I admit that I actually agree with Senator Levin here.  It’s true that a free market is not to be found in the world.  Most governments adopt protectionist economic policies.  But there was a time when most governments wanted to conquer Africa, or supported the slave trade, too.  Again, are we sure we’re not following the lemmings off the cliff?

Those governments, Levin said, support their manufacturers. “It has to do with the standard of living and the good jobs that are involved in manufacturing,” he said.

Government-support of industry may indeed relate to the perceived connection between government economic involvement and a high standard of living.  But again, how did this high standard of living come to be?  Minimal government involvement is almost always the answer.  Why, then, would increasing government control and power make sense to preserve what it had no hand in creating?

Government-support of industry is more related to the false perception that governments will solve all problems and fix all ills, regardless of cost or historical precedent.  It’s a sad reflection on our lack of self-reliance, independence, faith, confidence, mutual trust, self-respect, and work ethic.

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Filed under Austrian Economics, fiscal policy, Libertarian, politics, role of government

Auto Bailout Thoughts

It’s easy to understand the justification for bailing out the auto industry: it’s certainly struggling.  These are hard times, and millions of American jobs are at stake.  Hundreds of billions of dollars were pledged to the financial interests: why not a few dozen billion to the auto manufacturers?

We should wonder how sustainable this bailout mentality is.  When do we stop handing out cash?  Who do we refuse?  Is it really fair to give wealthy big businesses unprecedented access to huge resources while small businesses are struggling? 

Are we really more advanced than our predecessors who refused to bail out the typewriter manufacturers or the horse-drawn carriage-makers or the gas lamp manufacturers?  Consider what life would be like if the candle-makers were bailed out after meeting stiff competition from gas light?  Or if the pony express stopped construction of the railroad to preserve their mail-delivery business?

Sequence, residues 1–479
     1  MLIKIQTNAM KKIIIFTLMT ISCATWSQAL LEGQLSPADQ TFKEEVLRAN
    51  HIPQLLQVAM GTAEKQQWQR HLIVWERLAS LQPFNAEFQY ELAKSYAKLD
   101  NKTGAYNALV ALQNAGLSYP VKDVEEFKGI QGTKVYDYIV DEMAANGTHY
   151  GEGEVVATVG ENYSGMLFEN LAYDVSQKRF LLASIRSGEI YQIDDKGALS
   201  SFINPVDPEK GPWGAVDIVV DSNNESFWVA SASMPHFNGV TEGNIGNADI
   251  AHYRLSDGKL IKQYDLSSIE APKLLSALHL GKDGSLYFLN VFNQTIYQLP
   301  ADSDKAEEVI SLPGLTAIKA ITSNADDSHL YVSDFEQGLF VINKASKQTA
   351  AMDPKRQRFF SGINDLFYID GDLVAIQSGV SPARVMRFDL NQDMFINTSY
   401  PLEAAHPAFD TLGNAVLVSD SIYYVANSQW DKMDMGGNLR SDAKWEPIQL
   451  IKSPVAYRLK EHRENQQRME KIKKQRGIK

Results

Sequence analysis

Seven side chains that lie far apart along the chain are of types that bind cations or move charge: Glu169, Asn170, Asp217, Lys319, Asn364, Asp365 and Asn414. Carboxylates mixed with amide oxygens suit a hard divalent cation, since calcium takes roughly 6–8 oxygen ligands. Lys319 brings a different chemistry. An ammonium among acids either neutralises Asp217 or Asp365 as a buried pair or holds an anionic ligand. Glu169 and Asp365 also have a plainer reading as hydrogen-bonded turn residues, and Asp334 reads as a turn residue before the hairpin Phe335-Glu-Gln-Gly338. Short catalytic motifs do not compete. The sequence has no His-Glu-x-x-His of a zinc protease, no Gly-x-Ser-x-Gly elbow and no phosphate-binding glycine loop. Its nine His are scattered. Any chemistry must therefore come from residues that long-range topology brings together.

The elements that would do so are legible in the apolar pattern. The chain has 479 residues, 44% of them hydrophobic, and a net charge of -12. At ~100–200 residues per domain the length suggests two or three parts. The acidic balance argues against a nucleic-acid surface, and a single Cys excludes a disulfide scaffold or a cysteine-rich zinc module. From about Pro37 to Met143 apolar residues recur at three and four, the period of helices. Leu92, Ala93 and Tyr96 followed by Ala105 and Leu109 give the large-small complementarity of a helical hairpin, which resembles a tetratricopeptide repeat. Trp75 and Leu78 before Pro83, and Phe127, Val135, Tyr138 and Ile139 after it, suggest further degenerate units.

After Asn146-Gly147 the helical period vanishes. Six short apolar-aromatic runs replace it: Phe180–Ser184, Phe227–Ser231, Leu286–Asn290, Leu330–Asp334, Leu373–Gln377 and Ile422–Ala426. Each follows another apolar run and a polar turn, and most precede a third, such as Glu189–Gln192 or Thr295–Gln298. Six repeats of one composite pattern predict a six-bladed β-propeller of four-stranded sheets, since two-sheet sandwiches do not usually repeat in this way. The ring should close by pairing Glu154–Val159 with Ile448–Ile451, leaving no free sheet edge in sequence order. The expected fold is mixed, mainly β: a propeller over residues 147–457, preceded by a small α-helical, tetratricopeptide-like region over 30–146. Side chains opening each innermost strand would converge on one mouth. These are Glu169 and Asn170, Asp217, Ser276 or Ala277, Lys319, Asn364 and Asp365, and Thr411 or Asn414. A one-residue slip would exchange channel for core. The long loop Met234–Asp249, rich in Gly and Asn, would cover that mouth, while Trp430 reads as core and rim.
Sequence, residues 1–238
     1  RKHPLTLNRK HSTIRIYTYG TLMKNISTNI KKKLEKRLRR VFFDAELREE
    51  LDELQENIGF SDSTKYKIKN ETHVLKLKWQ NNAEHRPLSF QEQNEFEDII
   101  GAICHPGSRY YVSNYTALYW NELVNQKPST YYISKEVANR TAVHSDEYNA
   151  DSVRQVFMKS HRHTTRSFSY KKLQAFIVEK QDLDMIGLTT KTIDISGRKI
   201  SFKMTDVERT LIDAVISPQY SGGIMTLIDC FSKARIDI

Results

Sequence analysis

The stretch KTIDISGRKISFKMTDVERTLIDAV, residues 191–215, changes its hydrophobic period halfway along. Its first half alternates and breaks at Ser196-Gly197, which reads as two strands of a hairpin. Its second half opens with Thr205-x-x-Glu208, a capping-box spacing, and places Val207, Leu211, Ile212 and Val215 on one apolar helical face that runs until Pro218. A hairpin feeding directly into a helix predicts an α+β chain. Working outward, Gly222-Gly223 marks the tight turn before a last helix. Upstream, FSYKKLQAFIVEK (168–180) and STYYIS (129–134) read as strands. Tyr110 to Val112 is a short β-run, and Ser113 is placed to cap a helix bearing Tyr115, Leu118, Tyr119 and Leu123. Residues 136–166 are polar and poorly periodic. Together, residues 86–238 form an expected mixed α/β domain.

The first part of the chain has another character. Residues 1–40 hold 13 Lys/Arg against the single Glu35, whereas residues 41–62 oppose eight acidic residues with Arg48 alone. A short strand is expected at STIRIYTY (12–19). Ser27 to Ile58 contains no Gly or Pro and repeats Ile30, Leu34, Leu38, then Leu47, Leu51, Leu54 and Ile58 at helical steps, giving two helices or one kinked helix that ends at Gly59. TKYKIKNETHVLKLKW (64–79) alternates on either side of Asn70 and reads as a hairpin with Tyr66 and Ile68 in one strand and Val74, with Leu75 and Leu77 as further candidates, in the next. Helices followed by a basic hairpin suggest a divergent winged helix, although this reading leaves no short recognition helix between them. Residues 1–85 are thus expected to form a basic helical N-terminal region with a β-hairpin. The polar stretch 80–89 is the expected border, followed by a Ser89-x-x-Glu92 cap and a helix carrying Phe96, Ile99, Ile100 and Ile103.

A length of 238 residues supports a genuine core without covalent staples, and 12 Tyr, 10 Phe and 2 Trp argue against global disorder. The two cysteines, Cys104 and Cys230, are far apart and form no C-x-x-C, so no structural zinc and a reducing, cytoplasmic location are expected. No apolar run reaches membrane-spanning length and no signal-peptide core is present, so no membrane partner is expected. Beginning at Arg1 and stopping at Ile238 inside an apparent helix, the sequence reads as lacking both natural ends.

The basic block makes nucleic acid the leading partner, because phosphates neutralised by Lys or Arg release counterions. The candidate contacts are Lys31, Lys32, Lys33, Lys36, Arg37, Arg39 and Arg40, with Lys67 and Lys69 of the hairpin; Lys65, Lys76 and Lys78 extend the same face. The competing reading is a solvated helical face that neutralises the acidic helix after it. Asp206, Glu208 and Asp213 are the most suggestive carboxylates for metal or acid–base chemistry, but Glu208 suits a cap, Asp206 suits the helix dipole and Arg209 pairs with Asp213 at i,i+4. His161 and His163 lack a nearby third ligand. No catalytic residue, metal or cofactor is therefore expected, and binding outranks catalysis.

This bailout mindset is irrational, unethical, inconsistent, and unsustainable.  Unfortunately, protectionist economic policies have sunk deep into the American psyche.  There are shameful but existing historical precedents for these bailouts: Amtrak and farm subsidies, to name two examples.  Unfortunately, our bailout mindset has gotten worse over time.

What should be done?

The government should eliminate or greatly reduce barriers to starting and maintaining a business: consider all the fees, licenses, taxes, regulations, bylaws, etc., associated with starting or maintaining a new business.  Greatly reduce these, and the number of individuals able to start and maintain new businesses grows.  The number they can employ also grows.  If a big company bites the dust, employment would be much less of an issue than with today’s over-regulated and over-taxed private sector.

Perhaps most importantly, eliminate the federal reserve and central banking overall and move to a market-driven (individuals acting freely) currency standard, one without the booms and busts which so many associate with the free-market economy.  The credit crunch, housing failure, and current recession is a direct result of government economic intervention. 

When will we understand that the boom-bust cycle is merely one more lesson that governments are inherently less efficient at allocating resources (i.e. people, money, food) than individuals acting freely in a market society?  Until we learn this lesson, we are doomed to repeat it again and again by mistrusting government to allocate resources according to their bureaucratic or oligarchic whim.

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Filed under Austrian Economics, fiscal policy, Libertarian, Personal, politics, role of government